Suddenly, in the fall of 1999, with the evolution of email, more and more parents from across the world started seeking help for their tube fed children via the internet. Dr. Dunitz-Scheer was initially happy to spend long nights answering emails, but as numbers of desperate parents with “unweanable” children grew, she asked them to come to Graz which many did. However, in the years thereafter, with the evolution of the internet and telemedicine, it became clear that these were effective and safe means to treat patients also without them coming to Austria. As a mother of six children and an administrator of a hospital ward, it became too much to take on a “second job” as an online coach in the evenings. It was time for Dr. Dunitz-Scheer to turn her email advising into a system that could change lives around the globe.
In 2009, Dr. Dunitz-Scheer enlisted the help of a medical student and created a sophisticated web platform, answering “tickets” for parents, introducing an assessment procedure, and sending recommendations. In time, the pair grew into a team, and an ever more sophisticated, internet-based tool for online weaning by Netcoaching was developed to help more children and families.
In 2012, we introduced Learn To Eat, an aftercare tool that helps families and caregivers whose children don’t show age-appropriate feeding routines within one month of ending tube feeding. We offer Learn To Eat at low cost, on a monthly basis for as long as the family needs it.
Our latest addition are the two week Eating School courses for children suffering from tube dependence or other severe early feeding and eating disorders and their families. We host these intensives in Israel, France, Germany, and Austria, and in 2015, we’ll be introducing a course in Holland.
Since we began, more than 300 patients from 35 countries have been weaned from tubes at a success rate of than 90.5 percent. In June 2014, a scientific paper comparing a large group of onsite vs. online tube weanings in a consecutive 5-year period found that NoTube’s online treatment program is even more powerful as the onsite treatment approach (including both in- and outpatient programs). This study confirmed what we’ve believed for three decades: making tube weaning possible for families in the setting that suits them is the best method for success.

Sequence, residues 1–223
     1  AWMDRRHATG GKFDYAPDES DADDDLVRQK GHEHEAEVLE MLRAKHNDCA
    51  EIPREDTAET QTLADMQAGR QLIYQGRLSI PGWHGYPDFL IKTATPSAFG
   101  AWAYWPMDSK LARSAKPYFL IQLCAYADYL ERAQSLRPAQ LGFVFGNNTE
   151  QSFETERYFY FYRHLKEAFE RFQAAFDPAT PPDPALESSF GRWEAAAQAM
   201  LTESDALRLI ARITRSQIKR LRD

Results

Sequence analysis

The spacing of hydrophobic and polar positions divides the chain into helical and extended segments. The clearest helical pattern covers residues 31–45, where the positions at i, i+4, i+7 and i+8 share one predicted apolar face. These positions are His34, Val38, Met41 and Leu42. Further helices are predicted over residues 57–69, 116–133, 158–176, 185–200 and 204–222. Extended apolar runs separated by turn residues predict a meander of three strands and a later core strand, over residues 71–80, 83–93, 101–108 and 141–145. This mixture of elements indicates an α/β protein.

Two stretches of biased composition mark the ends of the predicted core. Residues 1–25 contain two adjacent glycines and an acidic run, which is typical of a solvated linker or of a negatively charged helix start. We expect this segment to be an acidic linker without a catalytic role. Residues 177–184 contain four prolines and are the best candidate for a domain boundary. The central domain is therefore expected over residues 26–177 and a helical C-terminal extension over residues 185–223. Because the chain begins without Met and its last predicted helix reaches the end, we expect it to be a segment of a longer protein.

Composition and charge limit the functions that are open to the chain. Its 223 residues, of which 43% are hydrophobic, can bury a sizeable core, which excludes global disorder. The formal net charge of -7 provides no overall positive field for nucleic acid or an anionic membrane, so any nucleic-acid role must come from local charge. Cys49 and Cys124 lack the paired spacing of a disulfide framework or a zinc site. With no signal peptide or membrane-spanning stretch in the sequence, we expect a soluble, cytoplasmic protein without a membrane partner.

In 30 years, we’ve made many adjustments, pioneered many innovations, and continued to evolve:
- In hospital-based tube weaning courses, we explain to nurses and physicians how they should support parents in changing their feeding habits, but not show them that they are better or more experienced;
- In our web-based counseling at NoTube, we’ve built an interdisciplinary team consisting of IT specialists, psychologists, music therapists, physiotherapists and three physicians to help guide parents with children with feeding disorders for as long as they need it.
As we look back, we’re proud of the team we’ve developed in the last three decades. Moreover, we’re proud of the research we’ve done to bring the fascinating worlds of externally regulated tube feeding routines, high-tech medicine, and tube-fed children and their families together to help with the transition toward oral feeding. We look forward to the future as we continue to research new perspectives in nutrition, psychology, posture, and parent-sibling interaction.